Dupree petitioned for, and we granted, rehearing en banc to revisit our precedent.

II. STANDARD OF REVIEW

“We review de novo the interpretation and application of the Sentencing Guidelines.” United States v. Cingari, 952 F.3d 1301, 1305 (11th Cir. 2020).

III. DISCUSSION

Dupree argues that he was not a career offender under the Guidelines. A defendant is considered a career offender for purposes of sentencing if, among other things, the defendant “has at least two prior felony convictions of either a crime of violence or a controlled substance offense” and his “instant offense of conviction is a felony that is either a crime of violence or a controlled substance offense.” U.S. Sent'g Guidelines Manual § 4B1.1(a). Dupree concedes that his prior state drug convictions qualified as controlled substance offenses. But he argues that his § 846 conspiracy conviction does not count as the required third predicate offense because it was not a controlled substance offense. Section 4B1.2 provides:

The term “controlled substance offense” means an offense under federal or state law, punishable by imprisonment for a term exceeding one year, that prohibits the manufacture, import, export, distribution, or dispensing of a controlled substance ․ or the possession of a controlled substance ․ with intent to manufacture, import, export, distribute, or dispense.

Id. § 4B1.2(b). The commentary in Application Note 1 to § 4B1.2 adds that the term “ ‘controlled substance offense’ include[s] the offenses of aiding and abetting, conspiring, and attempting to commit such offenses.” Id. § 4B1.2(b) cmt. n.1.

Dupree contends that his § 846 conspiracy conviction is not a controlled substance offense because § 4B1.2(b)’s “controlled substance offense” definition unambiguously excludes inchoate offenses. Because the Guideline is unambiguous, he argues, we must not defer to the commentary's broader definition of controlled substance offense to include inchoate offenses.3 We agree. We begin with the framework the Supreme Court has established for determining how the Guidelines’ commentary impacts the interpretation of the Guidelines. We then use that framework to interpret § 4B1.2(b). We conclude by applying our ruling to Dupree's case.

A. The Commentary Cannot Expand the Interpretation of Unambiguous Sentencing Guidelines.

The Supreme Court examined whether courts are bound by the commentary's interpretation of the Guidelines in Stinson v. United States, 508 U.S. 36, 113 S.Ct. 1913, 123 L.Ed.2d 598 (1993). The Court began by explaining that “[t]he Sentencing Reform Act of 1984 ․ created the Sentencing Commission ․ and charged it with the task of establishing sentencing policies and practices for the Federal criminal justice system.” Id. at 40–41, 113 S.Ct. 1913 (alterations adopted) (internal quotation marks and citations omitted). “The Sentencing Commission promulgate[d] the [G]uidelines by virtue of an express congressional delegation of authority for rulemaking” just as federal administrative agencies promulgate regulations. Id. at 44, 113 S.Ct. 1913. The Court then analogized the Guidelines’ commentary to “an agency's interpretation of its own legislative rules.” Id. at 45, 113 S.Ct. 1913 (“[T]he [G]uidelines are the equivalent of legislative rules adopted by federal agencies. ․ [T]his type of commentary is akin to an agency's interpretation of its own legislative rules.”). Guided by this analogy, the Court determined that the commentary should receive the same level of deference given to an agency's interpretation of its own rules, deference the Court first described in Bowles v. Seminole Rock & Sand Co. Id.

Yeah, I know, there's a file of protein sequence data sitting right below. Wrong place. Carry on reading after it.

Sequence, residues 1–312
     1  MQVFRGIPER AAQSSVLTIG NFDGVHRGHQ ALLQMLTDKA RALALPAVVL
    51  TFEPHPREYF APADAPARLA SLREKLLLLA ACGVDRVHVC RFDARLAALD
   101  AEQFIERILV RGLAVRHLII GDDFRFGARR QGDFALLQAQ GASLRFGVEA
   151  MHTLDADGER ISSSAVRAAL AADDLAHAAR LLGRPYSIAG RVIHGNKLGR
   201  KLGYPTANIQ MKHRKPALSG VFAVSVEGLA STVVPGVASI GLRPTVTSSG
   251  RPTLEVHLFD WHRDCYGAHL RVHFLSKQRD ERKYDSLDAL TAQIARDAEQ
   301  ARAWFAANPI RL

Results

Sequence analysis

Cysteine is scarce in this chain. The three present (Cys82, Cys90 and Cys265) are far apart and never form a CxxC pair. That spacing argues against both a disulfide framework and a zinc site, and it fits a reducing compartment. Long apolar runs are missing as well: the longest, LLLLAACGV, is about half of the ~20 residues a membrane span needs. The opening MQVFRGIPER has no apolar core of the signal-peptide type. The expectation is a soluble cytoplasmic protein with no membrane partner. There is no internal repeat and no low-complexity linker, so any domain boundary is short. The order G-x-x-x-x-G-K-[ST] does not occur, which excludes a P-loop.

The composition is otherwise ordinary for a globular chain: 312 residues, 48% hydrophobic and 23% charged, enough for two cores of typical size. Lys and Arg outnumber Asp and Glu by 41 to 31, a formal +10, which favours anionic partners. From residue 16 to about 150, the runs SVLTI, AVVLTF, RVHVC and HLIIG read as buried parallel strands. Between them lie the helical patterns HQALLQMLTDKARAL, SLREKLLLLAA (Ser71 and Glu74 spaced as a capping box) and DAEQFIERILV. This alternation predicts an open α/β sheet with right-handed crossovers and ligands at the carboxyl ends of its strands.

Seminole Rock instructed that when considering how to treat an issuing agency's interpretation of a regulation, a court initially should consider whether “the meaning of the [regulation] is in doubt.” Bowles v. Seminole Rock & Sand Co., 325 U.S. 410, 414, 65 S.Ct. 1215, 89 L.Ed. 1700 (1945). If the meaning is in doubt—if the regulation is ambiguous—the court can then consider the issuing agency's interpretation of the regulation. Id. At that point, the court should afford the agency's construction of its own regulation “controlling weight” unless it is “plainly erroneous or inconsistent with the regulation.” Id.

Relying on its decision in Seminole Rock, in Stinson the Supreme Court treated the Sentencing Commission's commentary to the Guidelines like an agency's interpretation of its own regulation: “it must be given ‘controlling weight unless it is plainly erroneous or inconsistent with’ ” the Guideline's text. Stinson, 508 U.S. at 45, 113 S.Ct. 1913 (quoting Seminole Rock, 325 U.S. at 414, 65 S.Ct. 1215). The Court explained that the Sentencing Commission could resort to the commentary to interpret the Guidelines only “if the [G]uideline which the commentary interprets will bear the construction.” Id. at 46, 113 S.Ct. 1913. When the “commentary and the [G]uideline it interprets are inconsistent in that following one will result in violating the dictates of the other, the Sentencing Reform Act itself commands compliance with the [G]uideline.” Id. at 43, 113 S.Ct. 1913.

Four years after Stinson, the Supreme Court reaffirmed Seminole Rock in Auer v. Robbins, 519 U.S. 452, 117 S.Ct. 905, 137 L.Ed.2d 79 (1997). In Auer, the Court concluded that the Secretary of Labor's interpretation of a regulation issued by the Department of Labor was “controlling” because it was not “plainly erroneous or inconsistent with the regulation.” Id. at 461, 117 S.Ct. 905 (internal quotation marks omitted).